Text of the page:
I was curious as to if the text had any relations to old English fairy tales, like Hanzel and Gretel, which involved the eating of one’s own children or young. However, I could not think of any that I had read as a child that seemed even somewhat similar to this.
There is a theme of cannibalism present in many Fairy Tales, but an obscure Scottish fairy tale called “Molly Whuppie” tells the story of three girls who visit a giant’s home. At the end of the story, the girl in the story tricks the giant into beating his wife (who is hidden in a sack) to death. I thought some of the themes of this tale were similar to some of the events in the book, where a person or thing is mistaken for something else.
Another obscure fairy tale of Italian origin actually has direct references to a female bear, although there is no mention of children in the story. In this story, a princess who is sent from her widowed King is pining for a prince who has not yet married is advised to slip a piece of wood in her mouth which transforms her into a bear.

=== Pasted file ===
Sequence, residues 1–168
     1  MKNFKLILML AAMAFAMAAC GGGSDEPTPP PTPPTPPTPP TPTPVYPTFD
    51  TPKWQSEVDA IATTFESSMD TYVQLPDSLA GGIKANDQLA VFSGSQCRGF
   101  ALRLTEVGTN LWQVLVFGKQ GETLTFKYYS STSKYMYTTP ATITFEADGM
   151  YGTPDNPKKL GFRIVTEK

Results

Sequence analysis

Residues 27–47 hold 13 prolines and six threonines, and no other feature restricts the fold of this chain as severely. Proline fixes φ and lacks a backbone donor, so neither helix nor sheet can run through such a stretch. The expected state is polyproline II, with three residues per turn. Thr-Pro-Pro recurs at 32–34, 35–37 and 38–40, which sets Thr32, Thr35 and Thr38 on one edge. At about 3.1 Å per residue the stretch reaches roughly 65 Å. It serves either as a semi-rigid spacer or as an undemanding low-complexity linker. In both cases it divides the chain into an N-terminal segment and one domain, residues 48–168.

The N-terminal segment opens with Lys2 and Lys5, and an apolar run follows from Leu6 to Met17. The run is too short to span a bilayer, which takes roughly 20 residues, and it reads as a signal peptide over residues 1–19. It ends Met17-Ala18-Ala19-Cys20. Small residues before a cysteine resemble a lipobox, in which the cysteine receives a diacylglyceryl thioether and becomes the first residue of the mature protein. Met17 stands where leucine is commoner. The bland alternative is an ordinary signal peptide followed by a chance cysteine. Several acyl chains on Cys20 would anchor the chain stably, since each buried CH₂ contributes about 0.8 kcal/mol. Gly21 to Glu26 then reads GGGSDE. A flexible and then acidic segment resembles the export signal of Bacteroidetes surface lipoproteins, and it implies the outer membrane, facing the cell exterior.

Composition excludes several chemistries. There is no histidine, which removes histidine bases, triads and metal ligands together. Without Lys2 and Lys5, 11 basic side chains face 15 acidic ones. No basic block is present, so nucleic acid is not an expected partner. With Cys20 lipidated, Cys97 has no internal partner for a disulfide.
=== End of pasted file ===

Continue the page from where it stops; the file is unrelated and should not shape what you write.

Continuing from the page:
She eventually wins the adoration of the Prince and his subjects, and breathes life into his body when she kisses him (as a bear..?)
“But when the Prince saw these pretty offices they only added fuel to the fire; and if before he wasted by ounces, he now melted away by pounds, and he said to the Queen, “My lady mother, if I do not give this bear a kiss, the breath will leave my body.”
This mention of breathing into him to revive him is similar to how the father in our novel makes a pact with the bear mother. While “The She-Bear” bears only vague similarities and references to “In The House Upon The Dirt….” I thought it worth considering where Matt Bell may have gotten some of the motifs or characters we are discussing.
I also discovered that there is a complex classification system meant for fairy tales called the Aarne-Thompson index. I was not able to spend the time to classify “In The House Upon The Dirt…” with it, but I wonder how many of the motifs it may match, if this is indeed able to be called a “fairy tale”.